Update: UT Austin officials are reacting today’s ruling on the university’s use of race as a factor in admissions decision.
For UT, the 7 to 1 ruling from the Supreme Court sending the case back to a lower court doesn’t change anything – for now. President Bill Powers painted the ruling as a win for UT Austin – and higher education in general.
“There were a number of directions the justices could have turned in today’s ruling. And this 7-1 ruling represents a positive outcome for this university for state and for nation," President Powers said.
But Edward Blum, the lawyer for plaintiff Abigail Fisher, also says the courts nearly unanimous decision to return the case to the lower court is a sign of victory for Fisher.
“We’re all going back to fifth circuit with now a very strong opinion that cuts across ideological lines concerning the standard UT has to apply when they use race in admissions policy. It is undeniable that strict scrutiny applies at this level and UT’s reintroduction of race will fail that strict scrutiny test. I’m confident of that," Blum said.
It’s expected to be another year before the case is decided in the Fifth Circuit court.
Update: The University of Texas says it's "encouraged" by the Supreme Court's ruling today regarding UT v Fisher.
We will continue to defend the University’s admission policy on remand in the lower court under the strict standards that the Court first articulated in the Bakke case, reaffirmed in the Grutter case, and laid out again today. We believe the University’s policy fully satisfies those standards.
We remain committed to assembling a student body at The University of Texas at Austin that provides the educational benefits of diversity on campus while respecting the rights of all students and acting within the constitutional framework established by the Court.
Today's ruling will have no impact on admissions decisions we have already made or any immediate impact on our holistic admissions policies.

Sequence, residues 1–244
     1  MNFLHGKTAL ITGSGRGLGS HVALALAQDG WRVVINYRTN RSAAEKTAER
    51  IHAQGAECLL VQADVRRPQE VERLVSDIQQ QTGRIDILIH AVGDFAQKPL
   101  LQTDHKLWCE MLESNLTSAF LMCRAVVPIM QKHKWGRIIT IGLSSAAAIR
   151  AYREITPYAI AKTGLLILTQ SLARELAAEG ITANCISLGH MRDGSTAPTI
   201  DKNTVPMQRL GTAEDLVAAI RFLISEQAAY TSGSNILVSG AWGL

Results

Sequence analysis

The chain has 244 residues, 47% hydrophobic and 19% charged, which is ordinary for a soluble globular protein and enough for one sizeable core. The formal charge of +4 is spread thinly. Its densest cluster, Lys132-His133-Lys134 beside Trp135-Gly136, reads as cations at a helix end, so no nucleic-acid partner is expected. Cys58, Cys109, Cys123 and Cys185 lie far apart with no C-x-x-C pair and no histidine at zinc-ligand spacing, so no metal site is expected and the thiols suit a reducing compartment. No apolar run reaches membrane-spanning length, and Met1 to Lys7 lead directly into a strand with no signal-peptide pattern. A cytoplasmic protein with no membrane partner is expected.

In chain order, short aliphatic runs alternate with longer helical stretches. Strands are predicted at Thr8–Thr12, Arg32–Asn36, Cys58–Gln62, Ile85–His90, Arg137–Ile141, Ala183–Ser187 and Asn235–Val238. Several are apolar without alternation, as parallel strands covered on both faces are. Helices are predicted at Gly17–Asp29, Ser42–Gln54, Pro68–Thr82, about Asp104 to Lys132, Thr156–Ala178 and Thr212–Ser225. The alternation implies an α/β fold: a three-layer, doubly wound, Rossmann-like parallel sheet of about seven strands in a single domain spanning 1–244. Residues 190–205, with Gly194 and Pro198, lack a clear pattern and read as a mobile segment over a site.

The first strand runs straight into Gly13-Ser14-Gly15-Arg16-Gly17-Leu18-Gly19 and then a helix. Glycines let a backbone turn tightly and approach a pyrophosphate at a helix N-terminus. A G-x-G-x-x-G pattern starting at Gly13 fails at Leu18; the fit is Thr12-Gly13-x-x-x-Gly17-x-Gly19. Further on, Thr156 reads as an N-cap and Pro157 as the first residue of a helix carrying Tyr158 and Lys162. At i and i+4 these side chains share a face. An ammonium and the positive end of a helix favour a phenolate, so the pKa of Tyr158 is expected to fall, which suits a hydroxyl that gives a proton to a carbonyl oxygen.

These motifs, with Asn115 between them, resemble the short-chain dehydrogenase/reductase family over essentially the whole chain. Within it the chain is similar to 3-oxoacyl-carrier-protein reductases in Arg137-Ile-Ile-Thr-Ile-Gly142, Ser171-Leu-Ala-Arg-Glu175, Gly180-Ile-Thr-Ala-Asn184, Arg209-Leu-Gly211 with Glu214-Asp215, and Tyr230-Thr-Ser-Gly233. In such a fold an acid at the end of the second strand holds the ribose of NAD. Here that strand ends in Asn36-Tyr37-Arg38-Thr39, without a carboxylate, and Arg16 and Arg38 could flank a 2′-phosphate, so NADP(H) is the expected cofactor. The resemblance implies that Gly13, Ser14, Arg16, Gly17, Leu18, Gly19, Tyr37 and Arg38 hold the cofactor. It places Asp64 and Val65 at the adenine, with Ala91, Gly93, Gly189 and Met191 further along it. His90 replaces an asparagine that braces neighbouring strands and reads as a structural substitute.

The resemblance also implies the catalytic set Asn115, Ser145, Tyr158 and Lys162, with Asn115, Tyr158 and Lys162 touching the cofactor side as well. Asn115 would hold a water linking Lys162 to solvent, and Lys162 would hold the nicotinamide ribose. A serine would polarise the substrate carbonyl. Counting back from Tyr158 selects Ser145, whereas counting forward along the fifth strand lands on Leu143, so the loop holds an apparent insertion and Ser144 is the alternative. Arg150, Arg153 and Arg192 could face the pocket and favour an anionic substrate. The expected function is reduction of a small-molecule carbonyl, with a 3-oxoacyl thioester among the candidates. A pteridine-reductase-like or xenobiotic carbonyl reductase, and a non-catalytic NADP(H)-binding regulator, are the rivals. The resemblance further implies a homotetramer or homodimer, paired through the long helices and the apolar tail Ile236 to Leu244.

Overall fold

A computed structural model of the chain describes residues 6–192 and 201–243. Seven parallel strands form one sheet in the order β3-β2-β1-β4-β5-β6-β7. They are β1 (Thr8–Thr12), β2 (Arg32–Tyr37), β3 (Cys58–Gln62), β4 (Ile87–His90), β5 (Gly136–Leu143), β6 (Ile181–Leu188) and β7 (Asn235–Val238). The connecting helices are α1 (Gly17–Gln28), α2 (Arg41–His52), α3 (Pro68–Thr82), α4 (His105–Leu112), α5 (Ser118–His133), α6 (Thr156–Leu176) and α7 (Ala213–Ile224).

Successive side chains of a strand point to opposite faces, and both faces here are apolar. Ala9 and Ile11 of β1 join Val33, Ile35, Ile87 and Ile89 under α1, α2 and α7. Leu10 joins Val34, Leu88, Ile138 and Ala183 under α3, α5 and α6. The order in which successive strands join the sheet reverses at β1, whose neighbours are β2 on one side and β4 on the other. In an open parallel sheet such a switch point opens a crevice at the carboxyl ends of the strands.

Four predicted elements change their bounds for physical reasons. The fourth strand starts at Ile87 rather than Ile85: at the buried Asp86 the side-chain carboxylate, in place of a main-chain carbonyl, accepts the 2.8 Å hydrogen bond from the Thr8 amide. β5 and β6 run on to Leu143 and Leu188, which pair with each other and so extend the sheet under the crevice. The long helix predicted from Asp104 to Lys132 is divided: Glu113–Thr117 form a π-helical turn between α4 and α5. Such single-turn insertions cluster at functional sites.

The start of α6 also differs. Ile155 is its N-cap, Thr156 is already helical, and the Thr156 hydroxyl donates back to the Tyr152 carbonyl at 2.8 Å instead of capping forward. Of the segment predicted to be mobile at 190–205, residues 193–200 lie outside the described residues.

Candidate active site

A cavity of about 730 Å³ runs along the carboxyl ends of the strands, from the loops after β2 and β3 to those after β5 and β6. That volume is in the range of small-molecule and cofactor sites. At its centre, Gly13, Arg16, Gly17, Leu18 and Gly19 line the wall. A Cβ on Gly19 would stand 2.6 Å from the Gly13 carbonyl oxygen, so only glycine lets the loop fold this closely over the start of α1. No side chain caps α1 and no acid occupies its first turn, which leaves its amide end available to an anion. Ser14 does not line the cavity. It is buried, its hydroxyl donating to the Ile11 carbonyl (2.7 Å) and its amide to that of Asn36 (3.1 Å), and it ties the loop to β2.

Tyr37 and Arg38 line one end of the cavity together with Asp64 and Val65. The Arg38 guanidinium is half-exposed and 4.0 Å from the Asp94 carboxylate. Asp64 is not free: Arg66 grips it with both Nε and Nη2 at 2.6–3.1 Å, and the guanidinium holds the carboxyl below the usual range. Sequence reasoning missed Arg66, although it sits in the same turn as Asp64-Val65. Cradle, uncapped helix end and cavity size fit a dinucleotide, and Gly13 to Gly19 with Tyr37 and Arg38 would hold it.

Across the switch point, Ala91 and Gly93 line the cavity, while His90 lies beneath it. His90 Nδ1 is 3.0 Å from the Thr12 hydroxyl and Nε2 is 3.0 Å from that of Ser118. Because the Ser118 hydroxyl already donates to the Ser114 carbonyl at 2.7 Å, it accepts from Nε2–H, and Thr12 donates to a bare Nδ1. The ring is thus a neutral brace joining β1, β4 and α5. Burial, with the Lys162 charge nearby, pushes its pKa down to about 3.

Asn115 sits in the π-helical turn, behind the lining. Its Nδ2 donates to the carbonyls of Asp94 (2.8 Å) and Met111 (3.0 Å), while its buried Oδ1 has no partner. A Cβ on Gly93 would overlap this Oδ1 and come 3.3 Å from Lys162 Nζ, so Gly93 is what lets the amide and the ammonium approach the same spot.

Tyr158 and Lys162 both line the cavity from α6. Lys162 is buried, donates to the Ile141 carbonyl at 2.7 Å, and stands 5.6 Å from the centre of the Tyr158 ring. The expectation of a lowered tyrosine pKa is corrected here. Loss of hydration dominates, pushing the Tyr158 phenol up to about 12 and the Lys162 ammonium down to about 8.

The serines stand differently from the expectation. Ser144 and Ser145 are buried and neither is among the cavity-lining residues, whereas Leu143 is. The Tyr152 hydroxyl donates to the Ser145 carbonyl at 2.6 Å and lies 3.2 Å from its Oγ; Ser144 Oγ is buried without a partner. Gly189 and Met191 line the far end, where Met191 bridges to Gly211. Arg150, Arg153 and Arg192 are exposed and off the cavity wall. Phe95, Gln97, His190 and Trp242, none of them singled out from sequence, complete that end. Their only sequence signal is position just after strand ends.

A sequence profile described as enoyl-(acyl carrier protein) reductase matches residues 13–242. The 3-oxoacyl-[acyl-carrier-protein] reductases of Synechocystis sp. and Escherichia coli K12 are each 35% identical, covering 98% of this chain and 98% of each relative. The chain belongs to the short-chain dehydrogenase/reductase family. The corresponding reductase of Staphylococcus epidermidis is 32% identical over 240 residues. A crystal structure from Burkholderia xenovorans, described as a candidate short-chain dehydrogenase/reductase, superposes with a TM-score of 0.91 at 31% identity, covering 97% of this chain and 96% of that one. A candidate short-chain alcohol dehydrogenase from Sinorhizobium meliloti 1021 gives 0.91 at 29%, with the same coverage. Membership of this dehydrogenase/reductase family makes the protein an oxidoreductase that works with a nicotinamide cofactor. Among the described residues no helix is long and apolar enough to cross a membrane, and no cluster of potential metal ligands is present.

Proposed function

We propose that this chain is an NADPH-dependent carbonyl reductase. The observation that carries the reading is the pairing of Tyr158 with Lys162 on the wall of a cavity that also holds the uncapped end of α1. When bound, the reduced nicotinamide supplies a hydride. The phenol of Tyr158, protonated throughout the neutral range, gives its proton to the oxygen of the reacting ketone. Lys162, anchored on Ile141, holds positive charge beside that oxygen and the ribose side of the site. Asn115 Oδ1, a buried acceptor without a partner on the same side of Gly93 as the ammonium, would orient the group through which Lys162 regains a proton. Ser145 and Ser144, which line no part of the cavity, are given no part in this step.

University President Bill Powers is holding a press conference at 2 p.m. to discuss the decision. He'll be joined by Vice Provost Kedra Ishop, and Vice President for Diversity and Community Engagement Greg Vincent. KUT will update this post as more information becomes available.
Update: NPR has much more on Fisher v. Texas, including analysis from legal correspondent Nina Totenberg. She calls the ruling “essentially a compromise between the court's conservatives and liberals and Justice Kennedy,” and notes the ruling was much more narrow than many observers expected.
Update: Here’s a link to the Supreme Court opinion.
The Supreme Court says the Fifth Circuit and District Court did not properly examine UT’s affirmative action program as it was supposed to under a 2003 affirmative action case, Grutter v Bollinger. The Grutter case says the court must apply “strict scrutiny” to a university’s admissions program, to ensure diversity is not defined as “mere racial balancing.” Therefore, the Supreme Court says it’s returning the case to the Fifth Circuit, so it can properly examine whether UT’s affirmative action policy has a compelling state interest to achieve diversity.
UT says it will have a statement later today.
— UTAustinNews (@UTAustinNews) June 24, 2013
Original Story (9:35 a.m.): The U.S. Supreme Court has returned a ruling on the University of Texas’ use of race as a factor in admissions to the lower court it emerged from. The court didn’t rule explicitly on UT’s use of race in the admissions process.
The case involved a young woman named Abigail Fisher, who was denied admission to UT.
Most students at UT are granted automatic admission through what’s known as the top 10 percent rule. Those are students who graduated in the top 10 percent of their high school class.
Fisher did not rank in the top ten percent of her class. She applied under the regular admissions process, which includes a range of factors – one of which is race. Fisher – who is white – claimed she was discriminated against on the basis of her race.
The university argued it has an interest in ensuring a diverse student body.
Here’s an overview of the case.
KUT will continue to follow this story as it develops.